Bill Eddy and Megan Hunter of Psychology Today carried out an online survey over a couple of years for people who committed to partners with high-conflict personalities, (HCP), including moving in together, getting married, and having children.
Respondents were asked to reflect on signs or red flags they missed or ignored
Three key findings were found to be common or significant from responses of participants.
The three key findings are written here as reported by Bill Eddy in his blog post “Dating Radar”
1. Excessive Charm
Nearly 80 percent of our survey respondents were swept up by the charm of their dating partner until they committed to the relationship. There was also an immediate “spark,” they reported. Then the charm and the spark evaporated. Charm doesn’t always mean that a person is an HCP, but it’s a surprising warning sign. If the person seems too good to be true, you might want to look deeper.
Related to this topic:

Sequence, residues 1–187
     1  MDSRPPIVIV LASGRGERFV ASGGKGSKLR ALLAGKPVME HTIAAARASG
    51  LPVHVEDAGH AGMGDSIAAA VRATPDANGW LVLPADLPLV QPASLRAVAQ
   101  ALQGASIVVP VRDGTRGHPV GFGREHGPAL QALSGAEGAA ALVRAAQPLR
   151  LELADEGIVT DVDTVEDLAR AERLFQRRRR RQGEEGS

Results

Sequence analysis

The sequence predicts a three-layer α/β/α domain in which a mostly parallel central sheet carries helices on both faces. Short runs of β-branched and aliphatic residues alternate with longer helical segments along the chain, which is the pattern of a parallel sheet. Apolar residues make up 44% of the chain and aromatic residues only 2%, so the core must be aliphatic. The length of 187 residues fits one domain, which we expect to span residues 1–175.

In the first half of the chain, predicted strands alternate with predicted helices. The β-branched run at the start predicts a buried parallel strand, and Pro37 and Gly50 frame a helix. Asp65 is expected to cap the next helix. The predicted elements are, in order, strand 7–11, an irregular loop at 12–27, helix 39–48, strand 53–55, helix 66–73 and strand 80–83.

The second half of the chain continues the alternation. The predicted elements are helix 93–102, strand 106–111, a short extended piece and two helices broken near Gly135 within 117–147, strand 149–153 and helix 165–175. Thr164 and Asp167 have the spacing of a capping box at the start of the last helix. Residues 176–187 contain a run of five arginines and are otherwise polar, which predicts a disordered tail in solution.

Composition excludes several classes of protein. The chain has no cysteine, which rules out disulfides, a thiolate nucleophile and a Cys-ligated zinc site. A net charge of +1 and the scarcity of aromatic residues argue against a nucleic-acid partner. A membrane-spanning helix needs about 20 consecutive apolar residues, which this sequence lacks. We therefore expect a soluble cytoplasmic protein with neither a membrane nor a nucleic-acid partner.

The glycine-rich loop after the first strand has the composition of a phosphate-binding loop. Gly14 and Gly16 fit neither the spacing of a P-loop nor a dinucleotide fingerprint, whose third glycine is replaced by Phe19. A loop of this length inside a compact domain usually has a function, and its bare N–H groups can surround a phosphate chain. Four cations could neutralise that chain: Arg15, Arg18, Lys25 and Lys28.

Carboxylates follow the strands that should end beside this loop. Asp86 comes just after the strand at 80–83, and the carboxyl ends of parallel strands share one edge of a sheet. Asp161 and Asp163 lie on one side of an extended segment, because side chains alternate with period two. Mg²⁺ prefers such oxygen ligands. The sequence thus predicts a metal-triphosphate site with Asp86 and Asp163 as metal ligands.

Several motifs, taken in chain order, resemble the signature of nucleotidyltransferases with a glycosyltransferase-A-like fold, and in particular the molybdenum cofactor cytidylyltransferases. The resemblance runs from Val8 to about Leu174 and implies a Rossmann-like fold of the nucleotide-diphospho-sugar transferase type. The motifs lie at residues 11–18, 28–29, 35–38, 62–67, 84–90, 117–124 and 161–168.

2. Fake Compatibility
About 70 percent said that “extreme compatibility” was an early and compelling characteristic of dating partners who later turned out to be HCPs. At first, they would seem extremely flexible and adaptive; it seemed amazing how they shared the same interests. Later, it would turn out that this was fake compatibility for the sole purpose of winning their commitment, after which the shared interests would stop. Here are some examples:
3. Intense Sexuality
Forty-seven percent of the survey respondents said that this category fits for them. It was common for them to tell us how fast their relationships developed, especially physically. In many cases, they were willing to risk careers, family relationships, and positions in the community for the intensity of these relationships.
These are warning signs, not definitive and certainly not conclusive:
The caveat to these pointers is the fact that someone demonstrates one or combination of these traits does not make the person a future high conflict individual or mean they are covering up their true self, they are, however, signs spotted by respondents that are ignored but later manifests into dangerous recurrence conflicts.
Bill Eddy also advice that going into a relationship, it is important to hold off big time commitments like taking a lease together, moving in or getting married for up to six months to one year, this is on the premise that people that suffer from high conflict personalities disorder cannot cover up their true self for more than a year before the traits start to manifest.